EECS 494 – Game Design and Implementation – Project 2 – Individual Prototype

What is this assignment?

This basically couldn't be more self-directed. Come up with a fun gameplay idea, mechanic, or style and create a game prototype for us. If your idea would work best for a long game, make it more of a vertical slice.

We don't want to impose a ton of rules on you. We want to see what you come up with. The standard restrictions apply, however:

  1. No networked games.
  2. No minigames or multiple game modes.
  3. No side scrolling shooters, zombie games, strategy games, tower defense games, or roleplaying games.

Hopefully that doesn't feel too restrictive. If you're really uncertain about your idea, you are welcome to run your logline by us.

Get your burndown chart here: Project 2 Burndown Chart Template


The grade breakdown for this project is:

Component Percent Description Due
Research and Analysis 20%

We expect you to do a bit of research in order to discover similar games with related mechanics, to explain the differences in the mechanics of these games to us, and to explain the ramifications of these differences. We want to know how the player experience changes as a result of their design choices, what the advantages of one design decision over another might be, and perhaps how you might have chosen to alter the design of the game you're implementing as a result of your survey. In what ways is your concept new and original? Which earlier games might you draw inspiration from, and which aspects of these games are you seeking to improve or build upon? You are required to investigate at least 2 other games and to write something at least on the order of 2 pages.

Don't pick multiple games from the same developers or the same franchise.

Note that this is not a book review assignment. Simple Wikipedia-esque description should be minimal. Get to the meat of analyzing and contrasting their design decisions.

Also note that your game choices for comparison must be reasonably similar for your comparisons to be useful to you. Two games simply having power-ups isn't enough, but two games having similar movement styles but handling the camera slightly differently would be right on the money. Focus on the subtler differences with respect to the mechanics you're interested in, rather than large but irrelevant feature changes.

Here's an example research and analysis doc for a reimplementation of Level 1-1 of Super Mario Bros..

February 8
Gold Spike 20%

Are you showing progress? Does it look like you are on the right track? Does it look like you've already tried several things by this point? Did you answer the toughest question about your project?


  1. Share your burndown chart with us and be sure to keep it updated, following the burndown chart instructions.
  2. Commit an up-to-date copy of your burndown chart in the Documents/ subdirectory of your repo. Go to File -> Download as -> Microsoft Excel (.xlsx).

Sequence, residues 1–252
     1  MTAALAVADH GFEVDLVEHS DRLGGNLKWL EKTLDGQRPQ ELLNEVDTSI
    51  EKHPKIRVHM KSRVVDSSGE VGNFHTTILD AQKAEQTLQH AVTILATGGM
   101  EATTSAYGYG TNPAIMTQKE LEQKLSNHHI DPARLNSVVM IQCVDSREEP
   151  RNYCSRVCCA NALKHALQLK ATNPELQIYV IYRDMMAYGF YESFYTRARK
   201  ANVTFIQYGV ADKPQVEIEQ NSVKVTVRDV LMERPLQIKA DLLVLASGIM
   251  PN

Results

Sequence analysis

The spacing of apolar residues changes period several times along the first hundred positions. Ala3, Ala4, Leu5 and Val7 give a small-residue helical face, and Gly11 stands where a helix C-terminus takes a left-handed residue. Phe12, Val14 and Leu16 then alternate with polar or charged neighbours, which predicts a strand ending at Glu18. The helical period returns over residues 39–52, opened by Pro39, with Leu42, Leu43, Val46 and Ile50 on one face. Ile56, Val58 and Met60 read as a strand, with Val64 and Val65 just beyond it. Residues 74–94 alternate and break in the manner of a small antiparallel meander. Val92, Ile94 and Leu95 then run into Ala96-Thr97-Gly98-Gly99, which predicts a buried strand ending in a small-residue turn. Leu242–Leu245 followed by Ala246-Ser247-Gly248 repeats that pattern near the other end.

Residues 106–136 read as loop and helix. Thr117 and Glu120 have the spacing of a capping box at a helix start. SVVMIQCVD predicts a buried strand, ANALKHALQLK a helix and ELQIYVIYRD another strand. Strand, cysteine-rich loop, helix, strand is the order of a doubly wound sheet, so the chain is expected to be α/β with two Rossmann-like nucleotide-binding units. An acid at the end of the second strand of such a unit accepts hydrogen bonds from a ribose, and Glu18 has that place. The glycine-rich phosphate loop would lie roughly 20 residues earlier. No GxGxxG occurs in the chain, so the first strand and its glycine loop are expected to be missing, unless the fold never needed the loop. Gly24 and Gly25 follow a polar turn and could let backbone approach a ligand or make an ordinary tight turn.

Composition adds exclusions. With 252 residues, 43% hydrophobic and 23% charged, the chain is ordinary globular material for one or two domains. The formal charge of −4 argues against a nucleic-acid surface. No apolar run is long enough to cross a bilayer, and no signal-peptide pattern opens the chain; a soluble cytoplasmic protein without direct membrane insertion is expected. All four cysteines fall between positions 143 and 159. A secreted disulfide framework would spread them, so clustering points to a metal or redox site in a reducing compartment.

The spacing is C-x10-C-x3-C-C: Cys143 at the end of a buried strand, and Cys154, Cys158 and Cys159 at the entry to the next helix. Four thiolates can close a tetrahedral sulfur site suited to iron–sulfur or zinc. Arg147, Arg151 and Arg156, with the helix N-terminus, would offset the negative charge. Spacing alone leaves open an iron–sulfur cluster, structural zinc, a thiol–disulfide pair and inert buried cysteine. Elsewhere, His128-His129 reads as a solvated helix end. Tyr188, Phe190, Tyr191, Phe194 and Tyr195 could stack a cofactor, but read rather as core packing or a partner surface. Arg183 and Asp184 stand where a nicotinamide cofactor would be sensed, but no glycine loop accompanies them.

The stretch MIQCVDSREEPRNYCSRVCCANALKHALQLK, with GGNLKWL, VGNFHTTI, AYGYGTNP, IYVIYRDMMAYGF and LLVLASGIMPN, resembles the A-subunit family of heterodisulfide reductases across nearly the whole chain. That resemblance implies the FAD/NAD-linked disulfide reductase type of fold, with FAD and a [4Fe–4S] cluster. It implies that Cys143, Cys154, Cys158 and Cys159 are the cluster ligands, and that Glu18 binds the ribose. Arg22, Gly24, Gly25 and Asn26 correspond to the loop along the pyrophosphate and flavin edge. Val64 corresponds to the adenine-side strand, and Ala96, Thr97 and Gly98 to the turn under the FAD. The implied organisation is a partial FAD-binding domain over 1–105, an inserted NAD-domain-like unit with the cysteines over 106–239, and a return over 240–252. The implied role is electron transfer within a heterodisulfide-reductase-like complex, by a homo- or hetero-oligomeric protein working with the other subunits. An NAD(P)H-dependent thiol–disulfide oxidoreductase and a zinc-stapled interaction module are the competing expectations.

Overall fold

3. Commit your research and analysis .pdf in the Documents/ subdirectory of your repo.
  4. Following the course submission instructions, submit a .7z file generated with one of the eecs-494-unity-canvas scripts to Canvas.
February 8
Justification Document and Burndown Chart 20%

The justification document is a short (roughly 1 page) write-up of your project that should discuss the following elements:

  • Basic Info: Please list the title of your game
  • Creative Process: What was your initial concept for this game, and how did you decide on that concept?
  • Development and Playtesting: We want to see evidence that you have been using the iterative development process discussed in lecture (Brainstorm, Prototype, Test, Analyze, Repeat). Specifically, we want to hear about the changes and design decisions that were made as your final product developed from your original idea.
    1. This should include a description of any playtesting that you did, both on your own and with friends, family, etc.
    2. Describe some of the feedback you got on your initial designs or how players reacted to the game.
    3. How did this feedback influence your design?
    4. How did your final product differ from the game you had in mind at the end of the brainstorming phase?
    5. Did everyone contribute more or less equally to the project?
February 15
Final Build 40%

Does your second presented iteration show that you responded to feedback from the Gold Spike presentation? Did you refine your ideas and come up with something better? Did you find something interesting? The game you make doesn't have to be fun, but it should be interesting, and I want you to show that you explored new territory in your design.


  1. Commit an up-to-date copy of your burndown chart in the Documents/ subdirectory of your repo. Go to File -> Download as -> Microsoft Excel (.xlsx).
  2. Commit your justification document .pdf in the Documents/ subdirectory of your repo.
  3. Following the course submission instructions, submit a .7z file generated with one of the eecs-494-unity-canvas scripts to Canvas.
February 15

What if Our Final Game Isn't "Good"?

This happens. In fact, in industry it actually happens a lot more than you'd think. In grading this, we're much more interested in whether you really tried to make something new and interesting than whether you made something "good". A lot of what we're looking at is how much you tested and refined. If you just started with one idea and made that without refining it at all, that's not really what we're looking for. We're looking to see what you did to try to make it interesting, and that's why the justification document and the burndown chart are such a large percentage of the project grade. Even if you're not particularly proud of your final prototype, you can still absolutely be proud of the process you went through and the ideas you generated.

We're really looking forward to seeing what everyone has on Monday.

  –EECS 494 Staff